My dad is a pastor, so I was a preacher’s kid. There’s this verse that says, “your gift will make way for you.” Legit, my gift is obviously photography, and it has just made a way for me. It really has. It’s opened up doors, and I’ve walked through those doors that I thought were the right doors. Not necessarily with a plan, but with a desire to just do photography. I just want to be creative. Do photography. Do film. And wherever that takes me that’s where I’m gonna go. It just so happens that now I’m getting a little bit more deliberate with the agency and what I want to do with what I’ve built. But it has always been about letting my gift lead the way.
What's the story behind this gorgeous football photo? That’s from the first campaign I’d ever done with Dick’s Sporting Goods. It was called "Hellweek". Before school starts these players go through two-a-days to get them back in the mindset and prepare them for the season. Dick’s does a short film every year based around hell week. I was capturing all the content for the social media posts. It was two weeks in an RV going to a different high school everyday, shooting, getting back on the RV, editing, then delivering images, and then doing it all the next day at a different school.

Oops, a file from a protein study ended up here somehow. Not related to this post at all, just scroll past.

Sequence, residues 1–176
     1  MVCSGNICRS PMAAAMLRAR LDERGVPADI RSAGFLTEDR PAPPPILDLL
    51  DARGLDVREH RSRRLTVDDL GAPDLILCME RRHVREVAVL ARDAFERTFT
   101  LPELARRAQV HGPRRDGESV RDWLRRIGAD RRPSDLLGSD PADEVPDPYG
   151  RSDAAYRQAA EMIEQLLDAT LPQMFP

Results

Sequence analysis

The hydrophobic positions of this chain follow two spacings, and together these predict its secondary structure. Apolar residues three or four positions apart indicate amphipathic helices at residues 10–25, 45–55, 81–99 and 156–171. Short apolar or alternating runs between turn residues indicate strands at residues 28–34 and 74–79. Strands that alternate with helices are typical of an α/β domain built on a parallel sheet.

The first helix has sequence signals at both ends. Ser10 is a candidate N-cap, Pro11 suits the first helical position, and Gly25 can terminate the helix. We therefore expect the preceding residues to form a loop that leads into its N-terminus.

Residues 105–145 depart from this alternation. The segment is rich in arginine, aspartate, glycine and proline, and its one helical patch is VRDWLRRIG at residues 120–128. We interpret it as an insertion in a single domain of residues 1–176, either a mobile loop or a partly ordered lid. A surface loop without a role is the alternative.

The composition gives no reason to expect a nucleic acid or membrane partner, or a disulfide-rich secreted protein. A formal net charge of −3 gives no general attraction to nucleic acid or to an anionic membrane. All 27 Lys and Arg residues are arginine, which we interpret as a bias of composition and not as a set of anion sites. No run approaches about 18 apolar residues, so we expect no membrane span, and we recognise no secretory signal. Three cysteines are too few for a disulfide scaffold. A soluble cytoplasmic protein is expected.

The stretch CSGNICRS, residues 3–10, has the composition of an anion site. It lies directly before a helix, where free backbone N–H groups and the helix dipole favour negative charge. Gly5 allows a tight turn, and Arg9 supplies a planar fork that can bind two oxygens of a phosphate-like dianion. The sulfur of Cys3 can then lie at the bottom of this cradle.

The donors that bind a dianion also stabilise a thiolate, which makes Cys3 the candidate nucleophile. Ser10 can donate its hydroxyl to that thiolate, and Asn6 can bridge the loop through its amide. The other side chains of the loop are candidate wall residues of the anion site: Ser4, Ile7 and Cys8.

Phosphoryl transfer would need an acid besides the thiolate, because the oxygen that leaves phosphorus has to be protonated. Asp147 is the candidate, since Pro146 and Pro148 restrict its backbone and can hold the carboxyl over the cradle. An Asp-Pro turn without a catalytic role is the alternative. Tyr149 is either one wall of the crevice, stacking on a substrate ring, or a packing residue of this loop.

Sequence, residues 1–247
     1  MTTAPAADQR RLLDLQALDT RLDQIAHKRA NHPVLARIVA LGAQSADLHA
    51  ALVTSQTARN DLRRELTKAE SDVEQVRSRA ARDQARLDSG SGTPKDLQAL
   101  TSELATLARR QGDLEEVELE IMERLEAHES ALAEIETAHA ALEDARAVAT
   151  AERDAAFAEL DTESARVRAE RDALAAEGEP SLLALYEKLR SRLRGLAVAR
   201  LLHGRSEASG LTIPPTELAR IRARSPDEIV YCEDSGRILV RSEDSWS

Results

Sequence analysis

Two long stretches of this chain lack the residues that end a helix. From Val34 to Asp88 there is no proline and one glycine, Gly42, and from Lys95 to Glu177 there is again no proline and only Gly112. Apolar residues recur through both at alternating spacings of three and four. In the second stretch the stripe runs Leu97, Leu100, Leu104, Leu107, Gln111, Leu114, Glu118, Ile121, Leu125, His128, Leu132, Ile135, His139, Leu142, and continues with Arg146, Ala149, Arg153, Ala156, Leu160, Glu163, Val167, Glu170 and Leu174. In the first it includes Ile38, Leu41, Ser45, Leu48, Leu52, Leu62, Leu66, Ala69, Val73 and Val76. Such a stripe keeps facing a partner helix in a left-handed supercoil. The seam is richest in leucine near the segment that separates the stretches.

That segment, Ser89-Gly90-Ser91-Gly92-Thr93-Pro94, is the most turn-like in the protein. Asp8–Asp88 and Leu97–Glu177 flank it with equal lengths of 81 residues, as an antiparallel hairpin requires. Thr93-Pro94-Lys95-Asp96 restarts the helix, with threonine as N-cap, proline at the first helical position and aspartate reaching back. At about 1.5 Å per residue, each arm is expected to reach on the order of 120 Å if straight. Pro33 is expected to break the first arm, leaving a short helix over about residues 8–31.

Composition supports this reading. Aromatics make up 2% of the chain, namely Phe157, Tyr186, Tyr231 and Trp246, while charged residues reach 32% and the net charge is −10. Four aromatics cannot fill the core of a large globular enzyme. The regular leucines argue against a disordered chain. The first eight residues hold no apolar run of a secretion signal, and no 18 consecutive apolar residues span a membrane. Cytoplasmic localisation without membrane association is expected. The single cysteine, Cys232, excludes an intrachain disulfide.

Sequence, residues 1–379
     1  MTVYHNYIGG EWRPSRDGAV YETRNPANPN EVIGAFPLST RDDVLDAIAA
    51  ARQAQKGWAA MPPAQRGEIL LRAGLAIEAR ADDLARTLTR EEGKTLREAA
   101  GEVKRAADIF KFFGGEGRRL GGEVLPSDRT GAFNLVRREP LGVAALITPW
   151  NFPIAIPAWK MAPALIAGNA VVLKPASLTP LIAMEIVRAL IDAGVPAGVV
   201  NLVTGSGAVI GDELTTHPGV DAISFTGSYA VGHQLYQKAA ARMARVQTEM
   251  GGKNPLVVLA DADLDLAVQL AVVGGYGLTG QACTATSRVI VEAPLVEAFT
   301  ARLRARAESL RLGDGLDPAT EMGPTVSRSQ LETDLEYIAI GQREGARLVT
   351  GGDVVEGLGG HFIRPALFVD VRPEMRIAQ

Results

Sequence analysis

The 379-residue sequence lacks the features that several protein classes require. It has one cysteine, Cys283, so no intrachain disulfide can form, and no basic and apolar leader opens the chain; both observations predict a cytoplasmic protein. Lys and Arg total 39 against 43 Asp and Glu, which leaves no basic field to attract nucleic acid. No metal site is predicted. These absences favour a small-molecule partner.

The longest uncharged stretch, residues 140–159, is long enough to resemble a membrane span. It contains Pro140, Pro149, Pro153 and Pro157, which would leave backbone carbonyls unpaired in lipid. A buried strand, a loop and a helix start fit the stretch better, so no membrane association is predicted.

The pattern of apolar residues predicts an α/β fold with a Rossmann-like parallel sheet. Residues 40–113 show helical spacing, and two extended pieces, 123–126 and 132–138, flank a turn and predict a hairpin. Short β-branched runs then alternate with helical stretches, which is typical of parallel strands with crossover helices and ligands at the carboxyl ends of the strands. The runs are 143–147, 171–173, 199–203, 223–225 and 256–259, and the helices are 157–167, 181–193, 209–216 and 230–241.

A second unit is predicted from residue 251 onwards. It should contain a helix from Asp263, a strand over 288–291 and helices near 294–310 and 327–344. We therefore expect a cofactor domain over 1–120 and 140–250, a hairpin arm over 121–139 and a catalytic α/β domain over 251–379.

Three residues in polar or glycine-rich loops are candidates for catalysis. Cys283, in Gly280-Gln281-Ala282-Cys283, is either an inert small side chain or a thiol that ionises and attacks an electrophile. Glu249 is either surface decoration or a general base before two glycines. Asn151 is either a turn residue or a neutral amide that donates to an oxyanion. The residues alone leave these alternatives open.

This photo was taken at the last school in Philadelphia. It was actually the school that the short film was based on. It was sunset. They had just finished doing some drills. I think that was the quarterback. He was standing there, and the light was just perfect. I just snapped it. It turned out to be one of my favorite photos that I’ve taken. Just based on the lighting and the moment.